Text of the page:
Centrala have put out some excellent work over the last couple of years but Chernobyl – The Zone is undoubtedly the most accomplished book in their catalogue to date.
On April 26, 1986 an unprecedented nuclear disaster struck at the Chernobyl power plant with an environmental impact that will be felt for centuries to come. The resulting devastating effect on the residents of the nearby city of Pripyat and the surrounding locale was inconceivable. In Chernobyl – The Zone – a quietly powerful 148-page graphic novel – Francisco Sánchez and Natacha Bustos explore the consequences of that fateful day from the perspectives of three generations of the same family.
Essentially Chernobyl – The Zone is a story in three acts: a trio of narrative segments presented to us in a non-linear fashion that give the reader the opportunity to slowly piece together the interlocking relationships between the protagonists of each individual section. It’s a clever storytelling device that ensures the audience becomes all the more invested in the cast as a result.
The book begins some time after the catastrophe with the elderly couple Leonid and Galia returning to their small farm after being evacuated from it some time before. It’s here that Sánchez and Bustos delicately remind us of the smaller human stories at the heart of this tragedy: of ways of life lost forever, of families ripped apart and of two elderly people who essentially make the decision to return to the only home they have ever known to die.
The middle part moves us back to the period preceding the disaster, focusing on a small family in Pripyat – the worker town close to the power plant – whose existences are fundamentally changed by the event. Here we meet Vladimir, who works at Chernobyl, his pregnant wife Anna (the daughter of Leonid and Galia) and their young son Yuri. We witness the small joys that make up their lives, the very human trivialities and routines of their lives, and the simple, unremarkable hopes they have for their futures. All set to be cruelly taken from them in the coming days…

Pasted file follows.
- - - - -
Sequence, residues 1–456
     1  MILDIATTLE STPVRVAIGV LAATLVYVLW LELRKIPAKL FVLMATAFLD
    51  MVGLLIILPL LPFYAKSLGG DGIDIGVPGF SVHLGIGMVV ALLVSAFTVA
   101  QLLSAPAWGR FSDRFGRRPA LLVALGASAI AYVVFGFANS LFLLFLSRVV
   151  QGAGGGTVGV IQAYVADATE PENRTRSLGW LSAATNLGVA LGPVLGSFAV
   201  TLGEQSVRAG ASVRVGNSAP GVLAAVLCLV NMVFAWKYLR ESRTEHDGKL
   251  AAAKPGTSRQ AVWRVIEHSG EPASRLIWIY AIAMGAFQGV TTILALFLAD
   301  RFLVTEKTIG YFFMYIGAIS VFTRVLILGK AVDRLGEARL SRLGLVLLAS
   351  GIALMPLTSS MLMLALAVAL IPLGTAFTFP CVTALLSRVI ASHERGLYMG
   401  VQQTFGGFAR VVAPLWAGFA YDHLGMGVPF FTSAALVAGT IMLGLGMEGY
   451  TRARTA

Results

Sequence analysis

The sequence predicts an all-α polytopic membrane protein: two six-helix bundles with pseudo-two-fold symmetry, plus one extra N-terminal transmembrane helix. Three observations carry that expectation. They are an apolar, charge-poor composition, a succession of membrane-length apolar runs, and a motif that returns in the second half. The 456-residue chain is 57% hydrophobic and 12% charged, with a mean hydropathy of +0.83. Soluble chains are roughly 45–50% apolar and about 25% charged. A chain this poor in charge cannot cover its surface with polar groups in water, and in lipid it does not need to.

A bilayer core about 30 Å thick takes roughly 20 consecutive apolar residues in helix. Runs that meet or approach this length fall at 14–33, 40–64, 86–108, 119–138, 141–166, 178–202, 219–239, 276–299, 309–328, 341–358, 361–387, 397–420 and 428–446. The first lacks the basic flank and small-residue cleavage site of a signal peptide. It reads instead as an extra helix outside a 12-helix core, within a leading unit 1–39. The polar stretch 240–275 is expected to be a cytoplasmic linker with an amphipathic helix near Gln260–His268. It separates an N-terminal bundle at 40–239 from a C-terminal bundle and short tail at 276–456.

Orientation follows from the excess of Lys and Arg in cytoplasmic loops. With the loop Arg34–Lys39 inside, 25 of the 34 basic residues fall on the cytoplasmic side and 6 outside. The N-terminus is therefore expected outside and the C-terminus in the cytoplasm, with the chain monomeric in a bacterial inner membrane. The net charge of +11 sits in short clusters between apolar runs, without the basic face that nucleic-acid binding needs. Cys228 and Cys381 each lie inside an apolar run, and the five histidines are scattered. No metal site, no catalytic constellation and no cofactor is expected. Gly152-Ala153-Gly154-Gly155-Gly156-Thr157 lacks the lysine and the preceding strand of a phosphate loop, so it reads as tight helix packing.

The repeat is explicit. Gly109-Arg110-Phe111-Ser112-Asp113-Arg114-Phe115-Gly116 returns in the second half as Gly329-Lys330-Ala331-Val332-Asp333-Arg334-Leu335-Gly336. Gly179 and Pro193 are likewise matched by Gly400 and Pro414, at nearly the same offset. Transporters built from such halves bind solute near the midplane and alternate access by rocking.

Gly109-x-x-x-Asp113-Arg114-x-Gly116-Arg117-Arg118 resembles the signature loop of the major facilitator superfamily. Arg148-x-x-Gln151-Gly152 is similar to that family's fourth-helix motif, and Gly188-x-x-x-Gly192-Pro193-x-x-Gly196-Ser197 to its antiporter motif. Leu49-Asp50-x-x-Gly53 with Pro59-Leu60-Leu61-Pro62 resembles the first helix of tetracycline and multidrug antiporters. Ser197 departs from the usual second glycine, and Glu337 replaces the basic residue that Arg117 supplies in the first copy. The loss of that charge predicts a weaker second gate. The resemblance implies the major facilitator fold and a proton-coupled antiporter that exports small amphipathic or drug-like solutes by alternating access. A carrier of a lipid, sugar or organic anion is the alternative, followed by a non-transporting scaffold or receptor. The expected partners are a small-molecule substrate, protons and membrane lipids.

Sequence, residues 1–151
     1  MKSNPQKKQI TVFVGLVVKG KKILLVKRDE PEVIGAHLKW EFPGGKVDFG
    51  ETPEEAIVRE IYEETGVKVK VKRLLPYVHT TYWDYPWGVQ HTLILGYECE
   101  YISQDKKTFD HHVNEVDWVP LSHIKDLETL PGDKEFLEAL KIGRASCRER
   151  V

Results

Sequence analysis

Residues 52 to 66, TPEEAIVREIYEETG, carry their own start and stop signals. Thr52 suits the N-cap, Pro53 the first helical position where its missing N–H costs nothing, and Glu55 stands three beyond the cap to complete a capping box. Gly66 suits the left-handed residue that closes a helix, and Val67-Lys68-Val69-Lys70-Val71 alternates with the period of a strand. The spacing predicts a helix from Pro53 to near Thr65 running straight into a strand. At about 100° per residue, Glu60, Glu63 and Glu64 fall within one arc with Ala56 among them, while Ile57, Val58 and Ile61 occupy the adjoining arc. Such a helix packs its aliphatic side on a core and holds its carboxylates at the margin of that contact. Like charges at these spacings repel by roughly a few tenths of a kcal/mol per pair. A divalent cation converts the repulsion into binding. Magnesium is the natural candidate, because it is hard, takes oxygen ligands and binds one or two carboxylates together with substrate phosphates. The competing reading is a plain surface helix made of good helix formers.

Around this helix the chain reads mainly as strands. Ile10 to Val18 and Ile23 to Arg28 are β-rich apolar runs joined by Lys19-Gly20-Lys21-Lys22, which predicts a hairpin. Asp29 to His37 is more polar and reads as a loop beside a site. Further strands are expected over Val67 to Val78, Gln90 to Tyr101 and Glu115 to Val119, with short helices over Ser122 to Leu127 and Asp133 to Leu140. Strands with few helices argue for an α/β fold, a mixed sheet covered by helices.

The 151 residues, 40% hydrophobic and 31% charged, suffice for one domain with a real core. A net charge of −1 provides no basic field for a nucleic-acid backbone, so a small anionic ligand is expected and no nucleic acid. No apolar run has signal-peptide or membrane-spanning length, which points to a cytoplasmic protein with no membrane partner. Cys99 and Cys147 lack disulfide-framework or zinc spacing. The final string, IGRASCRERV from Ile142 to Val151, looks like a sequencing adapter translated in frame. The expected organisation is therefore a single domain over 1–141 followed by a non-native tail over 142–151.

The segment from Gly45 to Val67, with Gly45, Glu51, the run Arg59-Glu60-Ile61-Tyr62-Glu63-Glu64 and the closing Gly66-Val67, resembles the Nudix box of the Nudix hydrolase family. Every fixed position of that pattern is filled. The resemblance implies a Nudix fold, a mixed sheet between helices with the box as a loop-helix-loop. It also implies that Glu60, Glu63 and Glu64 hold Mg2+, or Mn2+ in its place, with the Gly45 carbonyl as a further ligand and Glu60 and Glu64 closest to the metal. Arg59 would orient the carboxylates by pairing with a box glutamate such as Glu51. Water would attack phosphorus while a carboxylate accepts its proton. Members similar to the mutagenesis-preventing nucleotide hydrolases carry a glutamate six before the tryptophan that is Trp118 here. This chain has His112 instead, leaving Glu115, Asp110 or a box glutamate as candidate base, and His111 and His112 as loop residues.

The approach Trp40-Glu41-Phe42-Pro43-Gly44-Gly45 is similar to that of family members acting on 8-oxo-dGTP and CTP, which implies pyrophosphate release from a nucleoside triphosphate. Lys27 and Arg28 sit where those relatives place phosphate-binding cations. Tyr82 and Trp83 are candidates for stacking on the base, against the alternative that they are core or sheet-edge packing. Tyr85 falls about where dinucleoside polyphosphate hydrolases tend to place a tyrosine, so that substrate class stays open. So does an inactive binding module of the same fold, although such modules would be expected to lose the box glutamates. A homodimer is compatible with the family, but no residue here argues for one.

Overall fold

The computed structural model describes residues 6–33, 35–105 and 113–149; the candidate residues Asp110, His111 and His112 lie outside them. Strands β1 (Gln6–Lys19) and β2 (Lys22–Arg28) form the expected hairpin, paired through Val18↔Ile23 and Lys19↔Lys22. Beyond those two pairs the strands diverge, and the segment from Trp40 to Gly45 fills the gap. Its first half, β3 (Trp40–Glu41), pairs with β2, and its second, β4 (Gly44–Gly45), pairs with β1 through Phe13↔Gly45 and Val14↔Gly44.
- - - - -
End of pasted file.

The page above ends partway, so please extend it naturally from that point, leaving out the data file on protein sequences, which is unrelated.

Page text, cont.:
The finale takes us some years into the future as a return to the desolate ghost town and surrounding areas gives both a sense of closure but also a stark reminder of what could and should have been for just this one small familial group scarred forever by the Chernobyl accident.
By taking us straight into the aftermath of Chernobyl through the eyes of two older residents Sánchez immediately hits us with the reality of what happened in 1986. How a lifetime was embodied in the minutiae of their day-to-day patterns and how the echoes of a securer past are still intruding on a far more uncertain present. Undue exposition is unnecessary here and the ramifications on people, place and wildlife are presented with a subtle but heartbreaking honesty.
Throughout, the abandoned architecture of Pripyat – so effectively contrasted with the teeming life of the city before the incident – sits in passive but unyielding judgment. A monument to our arrogance in regards to the environment we live within and almost a silent character in its own right.
Natacha Bustos’s visuals have a detailed clarity that adds a profound sense of humanity to the stories within these pages. A delicate but confident line that is as assured in depicting the stark realism of the characters’ ordeals as it is in portraying melting, terrifying dream sequences. There’s a rhythm to the pacing of the pages in that early section that invites us to directly experience the unspoken pain of Leonid and Galia as they return to a homestead that has been irrevocably blighted.
Thematically cyclical, Chernobyl – The Zone is all the more affecting for its dedicated exploration of the effects of April 1986 on just a small group of those living in the area at the time. The drama and our empathy are increased significantly by our foreknowledge and the cleverly structured narrative timeframe. Centrala have put out some excellent work over the last couple of years, much of which may have flown under the radars of many readers, but Chernobyl – The Zone is undoubtedly the most accomplished book in their catalogue to date.
Francisco Sánchez (W), Natacha Bustos (A) • Centrala, £14.00